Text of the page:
Chapel Rules

Many thanks to Mike Wilson, from Yorkshire in the UK, for sending in this story.

Says Mike:

The N.G.A. Chapel Rules book contained the ‘rules’ by which men who worked in print shops had to abide.

East Yorkshire Printers Ltd. at Driffield, to whom I returned after three years serving the country in the R.A.F., observed the requirements of the rule, but usually the men operating the printing machines, the Linotypes, or who worked on the stone, used their common sense and made the rules work in their favour whenever it was possible.

There were disputes in the trade, but more often than not they didn’t follow any upheavals in small country weekly newspaper offices. Fleet Street was the place for such activities and we often suffered from their actions.

I was in Germany with the R.A.F. in 1959 when there was a national strike in the industry, so I have no recollections about that at all.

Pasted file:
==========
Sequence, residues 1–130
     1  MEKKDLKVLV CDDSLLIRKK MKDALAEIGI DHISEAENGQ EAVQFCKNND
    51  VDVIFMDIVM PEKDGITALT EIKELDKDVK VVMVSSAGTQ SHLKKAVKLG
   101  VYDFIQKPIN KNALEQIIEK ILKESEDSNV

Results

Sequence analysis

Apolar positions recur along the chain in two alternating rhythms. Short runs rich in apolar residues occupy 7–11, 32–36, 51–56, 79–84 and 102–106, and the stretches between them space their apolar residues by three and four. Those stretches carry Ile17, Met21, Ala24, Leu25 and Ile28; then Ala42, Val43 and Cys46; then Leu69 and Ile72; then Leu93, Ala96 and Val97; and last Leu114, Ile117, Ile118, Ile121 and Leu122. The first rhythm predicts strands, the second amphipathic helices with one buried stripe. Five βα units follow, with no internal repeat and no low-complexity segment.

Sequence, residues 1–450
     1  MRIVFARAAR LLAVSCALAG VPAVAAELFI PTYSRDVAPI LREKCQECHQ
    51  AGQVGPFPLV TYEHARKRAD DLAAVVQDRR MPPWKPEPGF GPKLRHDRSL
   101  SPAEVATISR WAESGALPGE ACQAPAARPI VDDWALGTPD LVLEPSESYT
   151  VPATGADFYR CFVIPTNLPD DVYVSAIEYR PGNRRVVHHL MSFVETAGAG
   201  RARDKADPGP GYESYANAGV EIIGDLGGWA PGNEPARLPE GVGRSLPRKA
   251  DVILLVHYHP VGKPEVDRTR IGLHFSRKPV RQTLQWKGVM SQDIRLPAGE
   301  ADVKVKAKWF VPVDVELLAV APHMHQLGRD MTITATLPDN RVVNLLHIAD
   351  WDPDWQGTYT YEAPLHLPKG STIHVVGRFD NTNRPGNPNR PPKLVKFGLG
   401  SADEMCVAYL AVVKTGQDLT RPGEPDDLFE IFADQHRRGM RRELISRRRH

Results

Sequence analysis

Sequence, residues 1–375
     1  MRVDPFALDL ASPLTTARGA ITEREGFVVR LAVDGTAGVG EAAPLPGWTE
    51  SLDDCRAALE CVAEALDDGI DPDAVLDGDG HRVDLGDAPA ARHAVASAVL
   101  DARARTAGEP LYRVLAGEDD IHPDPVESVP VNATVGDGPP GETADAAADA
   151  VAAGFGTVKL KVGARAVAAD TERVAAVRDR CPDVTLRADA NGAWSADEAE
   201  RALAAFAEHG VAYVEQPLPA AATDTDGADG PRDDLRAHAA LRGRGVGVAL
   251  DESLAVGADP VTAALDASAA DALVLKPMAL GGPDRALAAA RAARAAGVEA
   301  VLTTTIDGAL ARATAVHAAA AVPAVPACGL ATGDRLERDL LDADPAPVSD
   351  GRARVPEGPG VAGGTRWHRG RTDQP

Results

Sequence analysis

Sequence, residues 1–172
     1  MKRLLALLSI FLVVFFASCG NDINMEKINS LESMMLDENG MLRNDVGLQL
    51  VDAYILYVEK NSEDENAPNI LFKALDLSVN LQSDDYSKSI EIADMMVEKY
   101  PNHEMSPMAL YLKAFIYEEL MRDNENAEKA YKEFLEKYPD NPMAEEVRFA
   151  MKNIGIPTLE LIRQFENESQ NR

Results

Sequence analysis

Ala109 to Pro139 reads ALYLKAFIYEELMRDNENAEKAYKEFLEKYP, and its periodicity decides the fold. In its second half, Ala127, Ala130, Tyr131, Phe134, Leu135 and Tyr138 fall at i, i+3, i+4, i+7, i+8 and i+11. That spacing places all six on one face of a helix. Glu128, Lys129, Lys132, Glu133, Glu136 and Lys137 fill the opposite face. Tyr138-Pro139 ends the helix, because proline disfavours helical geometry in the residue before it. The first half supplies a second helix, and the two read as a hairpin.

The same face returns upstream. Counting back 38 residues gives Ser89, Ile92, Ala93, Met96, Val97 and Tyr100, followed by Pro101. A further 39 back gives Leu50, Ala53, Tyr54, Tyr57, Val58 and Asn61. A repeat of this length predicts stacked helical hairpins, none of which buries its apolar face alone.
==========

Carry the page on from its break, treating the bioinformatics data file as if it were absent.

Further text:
The Chapel was made up of all full members and apprentices in their last two years of apprenticeship, and they had to pay a weekly subscription. At that time, unions were very strong and membership and payment was obligatory. The Chapel held meetings every six months. No-one really liked these meetings, only the men who were very union minded. They seemed content to pander to dissent while the rest of us just wanted to get on with the job and take our pay home to our wives and families.

Father of the Chapel

The Father of the Chapel was the only person who was allowed to discuss matters with the management, provided he was accompanied by two members of the committee.

Every new piece of equipment, every different procedure, every protest had to be discussed with management, with the very obvious intention of gaining higher wages, shorter hours or longer tea breaks.

There were times when the F.O.C. argued with management that there was insufficient time to carry out an extra task, but he would take more time to argue when he – and we – could have done the job with no extra effort at all.

I must admit that during my working life, I felt more restricted by the union than that they were working for my benefit.